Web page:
Cousteau, Jacques Yves. The Silent World. New York: Harper c1953. Print.
Sometimes we are lucky enough to know that our lives have been changed, to discard the old, embrace the new, and run headlong down an immutable course. It happened to me at La Mourillon one summer’s day, when my eyes were opened to the sea. I waded into the Mediterranean and looked into it through Fernez goggles. I was a regular Navy gunner, a good swimmer interested only in perfecting my crawl style, but I was astounded by what I saw in the shallow shingle. Standing up to breathe I saw a trolley car, people, electric light poles. I put my eyes under again and civilization vanished with one last bow. I was in a jungle never seen by those who floated on the opaque roof. I felt like Don Quixote in my first homemade protective suit in 1938, but it kept me warm in cold-water goggle dives.
When the allies landed in Normandy in 1944 I left Paris by bike to join my family in the Alps 500 miles away. I carried 110 pounds of food and wine and made it in four days, pushing up mountain trails to avoid German and maquis skirmishes. My official wartime card saved me several times from deportation to Germany. The first side was made out by my employer, Jacques-Yves Cousteau, producer of scientific films. The other side said that he employed Jacques-Yves Cousteau to direct the films.
The octopus has never read Victor Hugo. ”The tiger can only devour you; the devilfish [octopus] inhales you. To be eaten alive is more than terrible; but to be drunk alive is inexpressible.” Such was the anticipation of the octopus we took to our first dives. After meeting a few octopi, we concluded that it was more likely that to be “drunk alive” referred to the condition of the novelist when he penned the passage, than to the situation of a human meeting an octopus. Dumas became a sort of dancing instructor to devilfish. He would select an unwilling pupil, hold it firmly and gently and gyrate around, inducing the creature to follow. The bashful octopus usually refuses to dance, using every trick to escape.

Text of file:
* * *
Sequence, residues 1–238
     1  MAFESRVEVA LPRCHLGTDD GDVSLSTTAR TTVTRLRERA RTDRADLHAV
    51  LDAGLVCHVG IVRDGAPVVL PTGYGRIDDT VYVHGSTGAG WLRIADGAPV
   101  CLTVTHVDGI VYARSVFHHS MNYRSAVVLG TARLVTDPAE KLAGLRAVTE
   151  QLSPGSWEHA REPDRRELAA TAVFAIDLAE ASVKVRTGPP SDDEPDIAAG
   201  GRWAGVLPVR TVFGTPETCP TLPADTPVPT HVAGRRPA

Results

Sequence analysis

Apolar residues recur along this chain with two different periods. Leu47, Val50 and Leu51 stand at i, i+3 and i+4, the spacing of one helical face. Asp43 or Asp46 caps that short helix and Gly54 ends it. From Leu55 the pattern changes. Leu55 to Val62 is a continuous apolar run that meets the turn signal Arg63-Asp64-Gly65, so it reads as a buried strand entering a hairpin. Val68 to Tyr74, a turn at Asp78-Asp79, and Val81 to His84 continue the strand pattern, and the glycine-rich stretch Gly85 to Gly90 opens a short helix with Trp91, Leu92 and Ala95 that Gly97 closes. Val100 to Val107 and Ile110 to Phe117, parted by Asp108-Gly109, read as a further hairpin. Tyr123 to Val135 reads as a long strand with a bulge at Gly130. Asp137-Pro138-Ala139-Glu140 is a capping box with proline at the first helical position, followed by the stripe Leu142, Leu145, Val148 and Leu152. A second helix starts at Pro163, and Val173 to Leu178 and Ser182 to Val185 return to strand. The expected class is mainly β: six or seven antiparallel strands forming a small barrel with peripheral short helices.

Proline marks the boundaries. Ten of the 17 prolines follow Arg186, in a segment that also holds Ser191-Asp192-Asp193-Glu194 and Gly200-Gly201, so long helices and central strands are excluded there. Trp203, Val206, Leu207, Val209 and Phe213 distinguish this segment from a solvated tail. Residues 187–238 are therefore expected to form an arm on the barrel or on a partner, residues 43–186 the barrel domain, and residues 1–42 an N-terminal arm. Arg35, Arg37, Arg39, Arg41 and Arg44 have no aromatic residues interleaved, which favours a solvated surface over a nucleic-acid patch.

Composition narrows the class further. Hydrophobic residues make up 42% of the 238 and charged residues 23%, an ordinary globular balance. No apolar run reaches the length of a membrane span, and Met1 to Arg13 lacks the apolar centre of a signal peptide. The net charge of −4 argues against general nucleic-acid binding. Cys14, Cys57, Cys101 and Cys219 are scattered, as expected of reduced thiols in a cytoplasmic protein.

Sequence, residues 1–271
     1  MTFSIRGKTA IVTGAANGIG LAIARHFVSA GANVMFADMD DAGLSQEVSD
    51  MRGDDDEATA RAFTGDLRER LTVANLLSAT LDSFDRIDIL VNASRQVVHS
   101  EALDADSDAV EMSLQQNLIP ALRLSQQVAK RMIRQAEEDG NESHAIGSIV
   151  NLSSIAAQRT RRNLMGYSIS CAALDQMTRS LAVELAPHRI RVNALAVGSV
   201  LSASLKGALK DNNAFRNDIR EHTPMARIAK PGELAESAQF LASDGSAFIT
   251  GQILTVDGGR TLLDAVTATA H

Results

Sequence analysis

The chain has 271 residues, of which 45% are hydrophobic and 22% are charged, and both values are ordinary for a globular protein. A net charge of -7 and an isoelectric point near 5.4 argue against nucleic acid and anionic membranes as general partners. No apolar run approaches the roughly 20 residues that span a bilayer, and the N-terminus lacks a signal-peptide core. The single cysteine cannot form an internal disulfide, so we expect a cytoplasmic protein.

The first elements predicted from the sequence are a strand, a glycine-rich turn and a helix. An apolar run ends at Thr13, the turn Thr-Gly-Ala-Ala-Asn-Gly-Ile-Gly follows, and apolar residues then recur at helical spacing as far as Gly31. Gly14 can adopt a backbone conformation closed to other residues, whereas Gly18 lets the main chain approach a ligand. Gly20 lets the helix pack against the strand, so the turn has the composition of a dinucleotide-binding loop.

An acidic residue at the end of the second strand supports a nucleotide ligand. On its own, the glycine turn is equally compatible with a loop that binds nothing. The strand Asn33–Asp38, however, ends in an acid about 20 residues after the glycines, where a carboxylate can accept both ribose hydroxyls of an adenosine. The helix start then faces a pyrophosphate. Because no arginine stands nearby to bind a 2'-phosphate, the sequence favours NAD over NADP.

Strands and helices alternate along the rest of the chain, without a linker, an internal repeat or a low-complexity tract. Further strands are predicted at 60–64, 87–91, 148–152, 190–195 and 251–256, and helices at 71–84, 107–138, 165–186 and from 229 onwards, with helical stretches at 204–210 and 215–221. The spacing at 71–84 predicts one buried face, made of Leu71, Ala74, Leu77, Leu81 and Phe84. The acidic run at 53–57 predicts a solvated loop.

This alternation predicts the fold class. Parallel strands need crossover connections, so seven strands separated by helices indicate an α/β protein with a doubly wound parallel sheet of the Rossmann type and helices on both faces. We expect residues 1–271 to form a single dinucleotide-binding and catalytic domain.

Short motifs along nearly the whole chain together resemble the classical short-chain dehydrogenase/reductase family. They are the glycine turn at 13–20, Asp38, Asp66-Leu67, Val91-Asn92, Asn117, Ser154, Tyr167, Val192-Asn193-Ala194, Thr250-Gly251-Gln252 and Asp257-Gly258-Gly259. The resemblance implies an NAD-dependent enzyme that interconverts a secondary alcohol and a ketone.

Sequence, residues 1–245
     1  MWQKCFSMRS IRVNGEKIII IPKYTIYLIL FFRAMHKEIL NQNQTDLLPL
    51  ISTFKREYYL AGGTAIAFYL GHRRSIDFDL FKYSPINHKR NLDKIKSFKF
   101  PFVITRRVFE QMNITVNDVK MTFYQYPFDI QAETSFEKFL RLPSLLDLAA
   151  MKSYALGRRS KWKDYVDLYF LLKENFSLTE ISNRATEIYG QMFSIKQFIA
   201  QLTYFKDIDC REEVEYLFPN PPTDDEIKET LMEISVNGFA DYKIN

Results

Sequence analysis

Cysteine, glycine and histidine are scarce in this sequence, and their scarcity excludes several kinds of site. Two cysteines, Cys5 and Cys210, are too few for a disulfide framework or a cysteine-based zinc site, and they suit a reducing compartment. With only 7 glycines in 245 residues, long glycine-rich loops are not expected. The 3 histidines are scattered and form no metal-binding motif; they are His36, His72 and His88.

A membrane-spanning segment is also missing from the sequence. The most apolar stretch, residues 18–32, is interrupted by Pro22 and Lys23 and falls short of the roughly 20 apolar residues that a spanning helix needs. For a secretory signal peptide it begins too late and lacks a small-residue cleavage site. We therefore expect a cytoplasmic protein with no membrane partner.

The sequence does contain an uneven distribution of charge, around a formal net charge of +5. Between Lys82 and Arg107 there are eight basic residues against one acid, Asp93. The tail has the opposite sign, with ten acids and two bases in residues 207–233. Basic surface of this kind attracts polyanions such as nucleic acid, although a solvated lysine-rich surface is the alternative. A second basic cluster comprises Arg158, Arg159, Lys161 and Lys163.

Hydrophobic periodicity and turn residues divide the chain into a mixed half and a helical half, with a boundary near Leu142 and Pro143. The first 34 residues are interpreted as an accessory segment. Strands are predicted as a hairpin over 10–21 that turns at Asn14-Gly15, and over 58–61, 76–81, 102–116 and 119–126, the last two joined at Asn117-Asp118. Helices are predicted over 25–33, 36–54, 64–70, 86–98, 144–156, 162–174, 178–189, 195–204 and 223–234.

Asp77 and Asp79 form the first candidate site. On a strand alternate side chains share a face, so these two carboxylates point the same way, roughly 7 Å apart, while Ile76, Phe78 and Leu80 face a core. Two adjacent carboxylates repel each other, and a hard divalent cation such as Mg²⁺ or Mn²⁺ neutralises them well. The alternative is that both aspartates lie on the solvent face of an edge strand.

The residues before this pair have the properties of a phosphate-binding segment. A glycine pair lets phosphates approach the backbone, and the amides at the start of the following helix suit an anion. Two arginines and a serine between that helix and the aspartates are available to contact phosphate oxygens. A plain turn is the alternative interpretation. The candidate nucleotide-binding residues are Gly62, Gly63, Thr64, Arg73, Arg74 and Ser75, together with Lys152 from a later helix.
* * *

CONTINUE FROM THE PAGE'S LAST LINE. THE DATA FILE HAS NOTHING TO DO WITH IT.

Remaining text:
On a remote beach of the Spanish Gold Coast, West Africa, we find a colony of monk seals, supposed to have been exterminated in the 1690s. Dumas and Tailliez crawl up on the beach like fellow seals to get acquainted. Going into the surf with the “extinct” seals, they played follow-the-leader. The seals would duck under and tickle the divers with their whiskers.
The funniest story on pressure I have heard was told by Sir Robert H. Davis, the diving historian and inventer of the first submarine escape apparatus. Years ago during the construction of a tunnel under a river, a party of politicians went down to celebrate the meeting of the two shafts. They drank champagne, disappointed that the wine was flat and lifeless. It was under depth pressure, of course, and the carbon dioxide bubbles remained in solution. When the town fathers arrived at the surface the wine popped in their stomachs, distended their vests, and all but frothed from their ears. One dignitary had to be rushed back into the depths to undergo champagne recompression.